Which would mean he is not a liar, just a totally deluded nut case.
OK, I believe he knows he is lying too.

Phillip Stone
1 year 6 months ago

The mass media have nothing to be proud of in these days.
No wonder people have stopped buying newspapers and magazines and are refusing in vast droves subscribe to papers and magazines behind paywalls.
In Australian, decades ago, one of our States had a Premier just like Donald Trump. He described press conferences and interviews as "feeding the chooks", prescient. One of his notable one-liners was "What is the point of having power if you don't use it?"

Dutch Brewster
1 year 6 months ago

Here's some shocking news: judges do not always get it right. Booting Jim Acosta was not a free press issue; it was a kick out the unruly ass issue. Freedom of the press was not endangered by Acosta's temporary excommunication; it was enhanced.
Your superficial analysis is quite faulty. As someone who was a radio and print news reporter for 20 years, I am appalled at the state of "reporting" in our country and the chokehold with which special, heavily biased interests control the flow of news. They do not seek the common good; they seek their own benefit. Furthermore, you are patently wrong: it is not the purpose of journalism to get on the president's nerves; it is the purpose of journalism to get to the facts and the significance of those facts. If that process happens to get on the president's nerves, then so be it. But it cannot be the purpose of genuine reporting.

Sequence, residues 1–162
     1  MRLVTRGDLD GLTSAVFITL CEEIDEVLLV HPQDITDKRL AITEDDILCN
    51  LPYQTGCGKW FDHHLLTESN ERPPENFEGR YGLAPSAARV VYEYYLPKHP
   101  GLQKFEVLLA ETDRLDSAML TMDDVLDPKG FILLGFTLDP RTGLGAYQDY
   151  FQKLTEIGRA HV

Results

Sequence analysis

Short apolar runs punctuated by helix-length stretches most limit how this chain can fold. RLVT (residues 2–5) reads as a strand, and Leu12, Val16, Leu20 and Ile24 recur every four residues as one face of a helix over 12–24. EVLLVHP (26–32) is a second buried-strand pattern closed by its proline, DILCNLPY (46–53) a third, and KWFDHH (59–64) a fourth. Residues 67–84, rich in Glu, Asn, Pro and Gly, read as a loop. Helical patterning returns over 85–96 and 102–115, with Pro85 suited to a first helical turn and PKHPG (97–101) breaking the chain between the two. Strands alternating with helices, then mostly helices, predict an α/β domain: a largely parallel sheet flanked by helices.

Lastly, citizens can cast votes in many ways, including in the sphere of media and economics. Many such votes are being cast now, and outlets like CNN are feeling the disapprobation of their deliberate, dissembling, fake news style.